Sea Horses



Conservation and Care

by Neil Garrick-Maidment

t.f.h./Kingdom 1997 £7.95

ISBN 185279071-7 

  This splendid book is an essential purchase before you start to keep seahorses or pipefishes in aquaria. It is also a fascinating study of these unusual fish from the author's extensive personal experience, and is a good read with plenty of new and interesting information even if you have no plans to keep these fish. Most of the information is not available elsewhere and it is fascinating because seahorses are really a very unusual and interesting fish.

Seahorses are difficult to keep in captivity by the home aquarist because they will only eat live food, and they require prodigious amounts at regular intervals. This is explained on page 15 when it says that adult seahorses eat about 40 mysid shrimps a day. This requirement can be difficult for the home aquarist to provide.

I have quoted the text on the back page because it is rather important.

Neil Garrick-Maidment does not just keep seahorses, he conducts a highly successful breeding programme. This was undertaken at his Seahorse Nature Aquarium at Exeter which has now moved to the National Aquarium at Plymouth, which opened to the public on 6 May 1998. This involves feeding the fry that hatch from the male's pouch on sufficient and nutritionally correct live food, including enriched brine shrimp Artemia.

In 1996, the Sea Life Centre collecting vessel caught about 30 Sea Horses, Hippocampus guttulatus (=H. ramulosus), in Weymouth Bay, Dorset, on the northern coast of the English Channel. This is a rare species in British seas. As a result of the breeding success the offspring are now a feature in Sea Life Centres around Britain and with the other British species Hippocampus hippocampus, caught in deep water around the Channel Islands (near the French coast in the southern English Channel) will form an important display in the National Aquarium at Plymouth.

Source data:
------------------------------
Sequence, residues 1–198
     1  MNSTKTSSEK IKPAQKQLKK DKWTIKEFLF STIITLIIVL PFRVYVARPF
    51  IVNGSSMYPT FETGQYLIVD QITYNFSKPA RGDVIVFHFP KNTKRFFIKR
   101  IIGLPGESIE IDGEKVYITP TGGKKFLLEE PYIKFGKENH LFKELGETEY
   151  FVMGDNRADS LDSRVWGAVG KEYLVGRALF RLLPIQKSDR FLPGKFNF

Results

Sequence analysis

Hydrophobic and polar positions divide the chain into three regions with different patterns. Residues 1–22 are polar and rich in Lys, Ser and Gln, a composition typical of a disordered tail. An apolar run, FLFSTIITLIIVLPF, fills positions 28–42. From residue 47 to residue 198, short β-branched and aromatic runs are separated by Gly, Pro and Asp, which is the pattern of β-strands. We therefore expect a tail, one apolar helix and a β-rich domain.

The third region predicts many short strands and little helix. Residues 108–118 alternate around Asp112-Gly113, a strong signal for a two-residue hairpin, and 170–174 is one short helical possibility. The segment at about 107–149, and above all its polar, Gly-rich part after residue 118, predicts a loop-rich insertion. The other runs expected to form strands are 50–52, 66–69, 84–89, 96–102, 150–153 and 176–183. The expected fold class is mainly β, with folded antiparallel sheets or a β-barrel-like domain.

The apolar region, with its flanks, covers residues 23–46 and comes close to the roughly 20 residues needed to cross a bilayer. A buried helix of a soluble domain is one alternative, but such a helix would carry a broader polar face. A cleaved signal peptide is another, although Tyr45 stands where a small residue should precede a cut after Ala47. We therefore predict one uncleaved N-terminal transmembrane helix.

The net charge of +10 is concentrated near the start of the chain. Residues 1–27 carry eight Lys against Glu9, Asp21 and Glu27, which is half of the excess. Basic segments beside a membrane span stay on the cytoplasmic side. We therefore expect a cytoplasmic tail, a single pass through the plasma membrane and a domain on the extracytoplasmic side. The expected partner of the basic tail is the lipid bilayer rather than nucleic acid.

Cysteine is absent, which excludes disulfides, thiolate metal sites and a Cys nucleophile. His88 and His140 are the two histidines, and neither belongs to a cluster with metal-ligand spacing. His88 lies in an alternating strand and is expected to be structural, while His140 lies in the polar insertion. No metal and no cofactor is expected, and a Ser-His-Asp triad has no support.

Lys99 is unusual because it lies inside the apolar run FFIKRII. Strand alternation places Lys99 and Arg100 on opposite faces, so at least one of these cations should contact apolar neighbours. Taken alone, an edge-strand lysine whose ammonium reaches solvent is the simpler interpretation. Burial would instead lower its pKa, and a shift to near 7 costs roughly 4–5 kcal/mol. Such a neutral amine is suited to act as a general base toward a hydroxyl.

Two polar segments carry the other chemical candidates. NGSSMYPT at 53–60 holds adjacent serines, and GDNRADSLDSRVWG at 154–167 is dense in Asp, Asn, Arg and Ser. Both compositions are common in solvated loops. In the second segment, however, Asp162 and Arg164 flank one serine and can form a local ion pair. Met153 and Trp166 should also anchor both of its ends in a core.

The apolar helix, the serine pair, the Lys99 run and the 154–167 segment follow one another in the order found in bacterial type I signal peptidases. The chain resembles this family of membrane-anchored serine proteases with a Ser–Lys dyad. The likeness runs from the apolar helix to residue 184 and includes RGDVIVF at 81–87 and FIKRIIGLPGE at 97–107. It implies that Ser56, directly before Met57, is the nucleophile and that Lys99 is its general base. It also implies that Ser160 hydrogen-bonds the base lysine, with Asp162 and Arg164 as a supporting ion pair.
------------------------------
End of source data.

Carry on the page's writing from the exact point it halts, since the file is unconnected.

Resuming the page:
The 48 page book, with colour photographs, is packed full of information, explaining what a seahorse is and this is very interesting, and in the subsequent chapters explains how to set up the tank and to feed care and breed the seahorses. It does not go into a step by step guide to starting a marine aquarium as there are other comprehensive books on the subject. It is written for the practical rather the scientific aquarist and does not go into detail about filtration, temperature amplitude, lighting and oxygen requirements. It is a book about the care and behaviour of seahorses. There is a small glossary of the suitable live foods. Collection techniques and tricks and where they can be found are not gone into in sufficient detail to enable the inexperienced to obtain these live foods, which requires a considerable amount of time and effort.

Highly recommended.

Neil Garrick-Maidment has moved his Seahorse Display and Breeding Facility to the

Plymouth:  National Aquarium        Link to National Aquarium Official Site

TFH Publications:  Tel: 01705 268122
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Just a Little Bit Extra

Keeping Sea Horses

This is not the first book t.f.h. have produced on Seahorses. The older one, published in 1961,  is scarcely more than a pamphlet who actually contains lots of information, but it is nothing like as useful as the new book.

It contains 32 pages of information. The Library of Congress Catalog Card Number is 61-13057. The author is Robert P.L. Straughan.

The book has a few black and white photographs, including one by Laurence E. Perkins who was the Editor of the  Aquarist & Pondkeeper  when I first wrote for them in 1982.

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